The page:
carries changes as he levels, which I just love the idea of. You
will get reactions from your party members when they feel something
is wrong, or if you are swinging far away from their alignment.
Some of the more interesting exchanges occur between Annah and Morte,
so just sit back and enjoy those.
The actual adventure
throughout Torment is composed of several quests that guide
you where to go and what to do next. The quest system is comprised
of both essential components that are necessary to continue the
plot, and side quests that have a reward coupled with some experience
points. Speaking of experience points, I would estimate that I got
a good 70% of mine just talking to NPCs and solving quests that
usually didn't require any combat. I rarely hit a roadblock when
I played of not knowing what to do next, especially after a quick
reference to the in-game journal. I would put this game on the higher
end of the difficulty scale. There are some difficult parts in the
game that will probably require you to seek some help to get past.
It took me roughly 65 hours of play to finish the game, but I did
almost every side quest available.
Planescape: Torment puts you into so many different situations
of gameplay that you canít help but to have fun with it. From solving
a murder at the foundry to battling larval worms in Under-Sigil,
Torment offers a lot of variety in what you do during the
game. Tasks can be accomplished several ways, so choose the play
style that you would enjoy the most. I personally never paid attention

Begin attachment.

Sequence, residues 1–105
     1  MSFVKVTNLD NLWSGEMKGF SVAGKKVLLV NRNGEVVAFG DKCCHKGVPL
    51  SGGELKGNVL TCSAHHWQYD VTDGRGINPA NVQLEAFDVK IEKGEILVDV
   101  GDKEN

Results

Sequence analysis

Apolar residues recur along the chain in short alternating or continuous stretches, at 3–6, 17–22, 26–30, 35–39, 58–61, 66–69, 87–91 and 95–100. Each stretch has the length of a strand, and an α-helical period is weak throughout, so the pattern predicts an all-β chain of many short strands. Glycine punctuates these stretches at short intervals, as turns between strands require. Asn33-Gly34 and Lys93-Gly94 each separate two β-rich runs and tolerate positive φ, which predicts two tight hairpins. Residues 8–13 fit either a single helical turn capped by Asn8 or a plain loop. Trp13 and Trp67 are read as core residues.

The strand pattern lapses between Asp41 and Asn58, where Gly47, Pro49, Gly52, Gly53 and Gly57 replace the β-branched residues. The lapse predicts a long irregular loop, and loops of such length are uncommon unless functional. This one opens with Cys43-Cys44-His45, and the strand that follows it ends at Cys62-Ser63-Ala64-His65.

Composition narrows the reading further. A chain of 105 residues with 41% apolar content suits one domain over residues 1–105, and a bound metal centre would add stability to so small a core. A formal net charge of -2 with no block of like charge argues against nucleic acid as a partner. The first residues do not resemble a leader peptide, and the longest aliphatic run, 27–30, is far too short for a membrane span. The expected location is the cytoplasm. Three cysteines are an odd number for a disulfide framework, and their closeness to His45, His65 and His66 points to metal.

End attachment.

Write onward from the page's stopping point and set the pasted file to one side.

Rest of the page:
to my alignment when I played the game, so it was interesting to
see myself ending the game with a neutral good alignment. I always
picked true neutral when given the option to pick an alignment in
other games from the start, but in reflection on my actions in Torment,
that was pretty much right on the money.
Black Isle Studios
loosened the restrictions on the 2nd edition AD&D rules to give
characters special powers that they normally wouldn't get, and being
very generous with experience points for quests. As such, your character
doesn't suffer through the boring early years that many people simply
don't like about AD&D. I'm sure some old school AD&D players would
argue otherwise, but I feel it definitely helps the gameplay here
making it more fun for a wider audience of gamers.
- Does it advance
the genre? Yes.
- Does it offer
anything new? Yes.
- Does it offer
a decent amount of gameplay? Yes.
- Is the product
relatively bug free? Yes, although the memory leak was a pain
prior to the official patch which fixes it.
- Does the documentation
thoroughly explain the game? Yes.
- Does this game